A 360 degree assessment can deliver amazing clarity and insight. It’s a smart-mirror for seeing yourself — your leadership skills, managerial behaviors, strengths and weaknesses — as others perceive and experience you. For more information about the many benefits of a 360 assessment, read our recent article, “5 Benefits of 360 Feedback.”
Implemented and leveraged properly, a 360 assessment can provide a huge boost for your career.
Of course, “doing it right” is the trick. Many horror stories have been written about 360 degree feedback: from irrelevance, denial, and depression to disastrous office politics. However, if someone does a poor job of preparing and cooking lasagna, that doesn’t mean that lasagna itself is a bad meal. In our view, it’s all about preparation, execution, and the expertise of the chef. Here are four essential elements that will contribute to a meaningful, productive, life-changing 360 assessment.
“We all need people who will give us feedback. That’s how we improve.” — Bill Gates
A 360 assessment should be an integral part of an executive coaching engagement.
An executive coach will design and implement the 360 assessment properly, expertly interpret and translate its meaning, and leverage the results by working with the executive to develop a plan of action for leadership change and development. We’re not being self-serving here. Context and follow-up are critical! Tremendous damage is done when 360 assessment surveys land unexpectedly on people’s desks, and when the executive being assessed simply receives a copy of the report with a vague comment scribbled in the margin about “things to work on.”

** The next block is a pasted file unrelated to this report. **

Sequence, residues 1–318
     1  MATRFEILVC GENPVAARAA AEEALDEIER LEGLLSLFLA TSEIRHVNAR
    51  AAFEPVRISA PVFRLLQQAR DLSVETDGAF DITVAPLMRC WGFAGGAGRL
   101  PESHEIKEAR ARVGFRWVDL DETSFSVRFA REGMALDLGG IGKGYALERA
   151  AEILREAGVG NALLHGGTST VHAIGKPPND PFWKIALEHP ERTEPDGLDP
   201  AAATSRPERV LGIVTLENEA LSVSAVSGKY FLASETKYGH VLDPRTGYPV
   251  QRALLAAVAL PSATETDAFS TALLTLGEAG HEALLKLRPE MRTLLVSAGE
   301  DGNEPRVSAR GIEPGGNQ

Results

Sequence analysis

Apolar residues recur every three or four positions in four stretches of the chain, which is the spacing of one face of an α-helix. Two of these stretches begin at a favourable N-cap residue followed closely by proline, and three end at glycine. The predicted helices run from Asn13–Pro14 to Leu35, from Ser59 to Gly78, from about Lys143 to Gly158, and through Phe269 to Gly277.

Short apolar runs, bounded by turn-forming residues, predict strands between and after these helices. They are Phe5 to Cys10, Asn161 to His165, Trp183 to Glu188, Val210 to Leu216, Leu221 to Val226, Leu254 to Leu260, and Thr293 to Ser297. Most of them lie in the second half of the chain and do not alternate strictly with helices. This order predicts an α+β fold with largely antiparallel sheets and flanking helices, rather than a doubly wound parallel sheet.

360 feedback must assess the right things.
A coach will provide context and help an executive understand what behaviors, qualities and attributes are most relevant to leadership, and need to be assessed. Too often feedback is gathered that has little to do with the leadership skills and capabilities that truly make a difference.
Context and preparation are important for everyone involved.
All supervisors, subordinates and peers involved in the feedback must understand what a 360 assessment is, why it’s important, and how they can be constructive participants — providing candid, honest, relevant, worthwhile feedback.
Sharing 360 assessment results: you decide.
In our executive coaching practice, 360 results are used for developmental purposes — we share them only with our client. This is not Dancing with the Stars. We don’t post scores. The purpose is to gather honest feedback needed to analyze and examine an executive’s performance, behaviors, and leadership skills — and then create an action-based plan for improvement and development. You, however, may share results with anyone you choose. We also understand that the “rules” for sharing may be different based on the purpose of the 360 assessment: for example, when used in a performance review.
Like any good tool, you have to know how to use a 360 degree assessment! For more about their value, read “The Importance of 360 Assessments.” To learn more about 360 degree assessments and executive coaching, contact us at firstname.lastname@example.org or 646.844.2233.